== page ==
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F and D logo
A quarterly magazine of the IMF
  September 2006
Volume 43, Number 3

The Economics of Demographics

Booms, Busts, and Echoes

David E. Bloom and David Canning
How the biggest demographic upheaval in history is affecting global development. This issue of F&D looks at the many facets of the impact of demographic change on the global economy and examines the policy adjustments needed in both the developed and the developing world.

Asia: Ready or Not
Peter S. Heller
The challenges faced by the industrial countries in the West and Japan with the prospective retirement of the baby-boom generation are well recognized. But less appreciated is the fact that many developing Asian countries face their own demographic "time bomb."

Global Migration
Jeffrey G. Williamson
Two centuries of mass migration offers insights into the future of global movements of people. Population aging in the postindustrial part of the world may increase the demand for immigrant labor, but a growth slowdown in host countries is likely to offset it.

Can Europe Afford to Grow Old?
Giuseppe Carone and Declan Costello
The European Union must face up to recent projections showing that aging will have a major economic and budgetary impact affecting labor markets, economic growth, and public finances. Policymakers need to make adjustments so that public finances withstand the pressure.

Reform in Europe: What Went Right?
Anthony Annett
Successful reforms in Denmark, Ireland, the Netherlands, and the United Kingdom can offer valuable lessons for the rest of the EU. All four countries adopted winning combinations of fiscal adjustment and labor and product market reform.

spacer Pension Challenges in an Aging World
Adair Turner
Except where fertility rates are very low, needed pension system adjustments look manageable. But in all countries, the principle of proportional rises in pensionable ages is appropriate to cope with increasing longevity, says Turner, who headed the U.K.'s Pensions Commission.

Investing in the Youth Bulge
Emmanuel Y. Jimenez and Mamta Murthi
With the right investments, developing countries can turn their large youth populations into a boon. They need to broaden opportunities by improving education, meeting demands for higher skill levels, easing labor market entry, and providing better information to students.

Aging and Financial Markets
W. Todd Groome, Nicolas Blancher, and Parmeshwar Ramlogan
The implications of population aging for financial markets are getting greater attention. The markets can play an important role in the management of age-related risks, but governments will also need to act as managers of key long-term risks related to aging.

Gauging the Cost of Aging
John Bryant and Audrey Sonerson
Population aging is not the main cause of rising government health expenditure in New Zealand, where "non-demographic" factors—such as higher wages for health workers, rising administrative costs, new treatments, and better coverage of the population—outweigh demographic expenditure drivers.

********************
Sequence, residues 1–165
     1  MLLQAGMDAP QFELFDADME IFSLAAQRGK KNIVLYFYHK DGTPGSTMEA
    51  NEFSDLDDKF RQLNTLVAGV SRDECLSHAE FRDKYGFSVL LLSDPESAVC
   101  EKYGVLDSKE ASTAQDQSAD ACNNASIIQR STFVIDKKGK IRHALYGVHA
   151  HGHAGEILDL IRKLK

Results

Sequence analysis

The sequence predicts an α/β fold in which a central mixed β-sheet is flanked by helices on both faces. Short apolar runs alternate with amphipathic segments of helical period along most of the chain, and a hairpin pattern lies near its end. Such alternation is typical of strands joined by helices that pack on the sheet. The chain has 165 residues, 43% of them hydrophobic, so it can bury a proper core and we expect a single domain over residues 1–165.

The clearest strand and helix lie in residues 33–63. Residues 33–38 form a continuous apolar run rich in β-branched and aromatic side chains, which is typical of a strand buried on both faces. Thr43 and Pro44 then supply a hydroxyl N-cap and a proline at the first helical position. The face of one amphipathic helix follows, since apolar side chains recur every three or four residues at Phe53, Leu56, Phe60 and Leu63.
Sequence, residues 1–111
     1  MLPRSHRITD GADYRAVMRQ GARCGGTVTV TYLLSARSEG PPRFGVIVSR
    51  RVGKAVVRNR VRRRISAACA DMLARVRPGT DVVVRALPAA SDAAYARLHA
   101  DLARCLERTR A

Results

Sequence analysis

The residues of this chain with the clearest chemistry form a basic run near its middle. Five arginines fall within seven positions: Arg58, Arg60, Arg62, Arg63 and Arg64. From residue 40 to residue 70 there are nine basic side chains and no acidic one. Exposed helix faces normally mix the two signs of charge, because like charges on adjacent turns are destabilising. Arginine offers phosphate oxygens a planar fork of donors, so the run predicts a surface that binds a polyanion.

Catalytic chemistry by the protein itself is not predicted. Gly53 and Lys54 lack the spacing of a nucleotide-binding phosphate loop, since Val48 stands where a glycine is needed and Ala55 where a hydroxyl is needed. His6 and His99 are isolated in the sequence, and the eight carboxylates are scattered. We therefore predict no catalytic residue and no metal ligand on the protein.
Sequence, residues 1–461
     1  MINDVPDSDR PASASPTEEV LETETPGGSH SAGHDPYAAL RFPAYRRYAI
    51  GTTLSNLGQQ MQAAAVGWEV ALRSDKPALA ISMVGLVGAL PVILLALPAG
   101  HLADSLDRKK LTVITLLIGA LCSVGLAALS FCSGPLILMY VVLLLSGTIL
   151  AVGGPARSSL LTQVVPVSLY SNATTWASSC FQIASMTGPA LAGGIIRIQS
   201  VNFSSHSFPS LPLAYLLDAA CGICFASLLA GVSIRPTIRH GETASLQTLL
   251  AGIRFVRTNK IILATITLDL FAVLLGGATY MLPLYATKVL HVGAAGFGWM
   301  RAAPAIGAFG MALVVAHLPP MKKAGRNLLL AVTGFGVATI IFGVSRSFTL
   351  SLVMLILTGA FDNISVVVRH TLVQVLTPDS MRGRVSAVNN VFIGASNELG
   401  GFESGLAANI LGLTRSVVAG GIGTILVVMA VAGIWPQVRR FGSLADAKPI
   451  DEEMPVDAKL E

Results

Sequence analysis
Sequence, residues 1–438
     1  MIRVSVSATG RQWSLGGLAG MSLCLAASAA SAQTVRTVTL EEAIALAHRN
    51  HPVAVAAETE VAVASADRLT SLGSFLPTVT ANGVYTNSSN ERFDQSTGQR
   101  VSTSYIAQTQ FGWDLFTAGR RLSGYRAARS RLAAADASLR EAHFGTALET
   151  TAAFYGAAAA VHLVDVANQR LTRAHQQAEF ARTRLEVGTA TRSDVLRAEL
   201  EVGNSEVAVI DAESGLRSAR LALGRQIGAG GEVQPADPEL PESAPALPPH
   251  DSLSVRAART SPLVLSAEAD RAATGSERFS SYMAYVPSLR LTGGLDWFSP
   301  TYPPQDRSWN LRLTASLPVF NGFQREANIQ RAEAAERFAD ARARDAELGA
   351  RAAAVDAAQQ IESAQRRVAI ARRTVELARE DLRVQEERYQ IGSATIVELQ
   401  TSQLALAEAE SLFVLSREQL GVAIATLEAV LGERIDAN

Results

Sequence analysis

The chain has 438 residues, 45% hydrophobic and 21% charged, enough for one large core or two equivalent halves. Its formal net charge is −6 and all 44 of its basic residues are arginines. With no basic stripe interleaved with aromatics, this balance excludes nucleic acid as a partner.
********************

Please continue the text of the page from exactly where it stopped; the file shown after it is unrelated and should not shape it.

Letter from the Editor

Letters to the Editor
Need to boost aid to the private sector; AIDS data falling short?; Barking up the wrong tree.

In Brief

Lipsky, Caruana join IMF
Flying more
Population pressures

People in Economics

Ahead of His Time
Laura Wallace
Robert Mundell, a pioneer of modern international economics, received the Nobel Prize in 1999 for his analysis of monetary and fiscal policy under different exchange rate regimes and his analysis of optimum currency areas. He speaks to F&D about exchange rates, the euro, his work in China, and his castle in Italy.

Picture This

Global Demographic Trends
During the past 50 years, the world's population has increased dramatically—a trend that is projected to continue. Most future growth will occur in less developed countries, where the population is increasing more than five times as fast as that in developed countries.

Back to Basics

What Is the Demographic Dividend?
Ronald Lee and Andrew Mason
As countries go through a "demographic transition" from a largely rural agrarian society with high fertility and mortality rates to a predominantly urban industrial society with low fertility and mortality rates, there is a window of opportunity to reap a "demographic dividend," resulting in higher living standards.

Book Reviews

Global Capitalism: Its Fall and Rise in the Twentieth Century, DarJeffry A. Frieden

Emerging Capital Markets in Turmoil: Bad Luck or Bad Policy, Guillermo A. Calvo

The White Man's Burden: Why the West's Efforts to Aid the Rest Have Done So Much Ill and So Little Good, William Easterly

Straight Talk

From Paternalistic to Enabling
Raghuram Rajan
India needs to exchange its paternalistic, directive government, which seeks to remedy every wrong through a subsidy, a quota, or a scheme, for one that creates an enabling environment for the people and unleashes their entrepreneurial zeal.

Country Focus

Kazakhstan's economy has performed strongly over the past half decade. A rapid expansion of hydrocarbons production, supported by a prudent macroeconomic policy framework, has led to major economic and social gains.